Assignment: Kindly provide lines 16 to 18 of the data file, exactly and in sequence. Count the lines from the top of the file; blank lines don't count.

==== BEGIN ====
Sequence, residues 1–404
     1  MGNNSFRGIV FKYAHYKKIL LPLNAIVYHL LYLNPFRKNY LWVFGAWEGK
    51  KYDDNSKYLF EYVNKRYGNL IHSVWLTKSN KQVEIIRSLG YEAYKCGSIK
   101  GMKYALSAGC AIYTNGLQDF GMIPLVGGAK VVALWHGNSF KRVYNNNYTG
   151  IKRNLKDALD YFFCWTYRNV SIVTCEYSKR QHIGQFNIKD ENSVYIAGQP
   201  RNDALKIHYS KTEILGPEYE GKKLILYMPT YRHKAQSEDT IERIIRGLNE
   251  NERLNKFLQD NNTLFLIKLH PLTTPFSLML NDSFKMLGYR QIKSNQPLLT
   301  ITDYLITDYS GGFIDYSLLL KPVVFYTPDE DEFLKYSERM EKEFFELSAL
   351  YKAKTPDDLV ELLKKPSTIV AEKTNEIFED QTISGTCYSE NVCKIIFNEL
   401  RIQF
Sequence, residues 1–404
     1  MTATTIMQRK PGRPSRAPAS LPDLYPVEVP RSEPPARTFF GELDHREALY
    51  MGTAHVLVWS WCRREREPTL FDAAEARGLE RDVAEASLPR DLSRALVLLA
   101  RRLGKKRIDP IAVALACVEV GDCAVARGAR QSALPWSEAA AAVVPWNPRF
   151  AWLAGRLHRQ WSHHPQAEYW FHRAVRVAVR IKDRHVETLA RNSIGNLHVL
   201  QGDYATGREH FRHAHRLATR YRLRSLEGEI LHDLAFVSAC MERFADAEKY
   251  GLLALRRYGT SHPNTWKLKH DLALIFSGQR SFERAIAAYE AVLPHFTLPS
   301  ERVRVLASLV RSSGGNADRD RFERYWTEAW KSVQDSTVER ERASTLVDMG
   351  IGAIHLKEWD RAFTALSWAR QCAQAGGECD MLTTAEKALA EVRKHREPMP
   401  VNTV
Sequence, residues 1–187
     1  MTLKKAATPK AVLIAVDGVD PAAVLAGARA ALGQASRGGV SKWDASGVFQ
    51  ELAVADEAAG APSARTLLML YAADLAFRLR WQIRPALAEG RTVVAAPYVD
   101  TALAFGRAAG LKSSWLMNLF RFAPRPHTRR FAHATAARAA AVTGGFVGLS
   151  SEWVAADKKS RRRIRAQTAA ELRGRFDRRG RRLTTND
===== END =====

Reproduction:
   201  QGDYATGREH FRHAHRLATR YRLRSLEGEI LHDLAFVSAC MERFADAEKY
   251  GLLALRRYGT SHPNTWKLKH DLALIFSGQR SFERAIAAYE AVLPHFTLPS
   301  ERVRVLASLV RSSGGNADRD RFERYWTEAW KSVQDSTVER ERASTLVDMG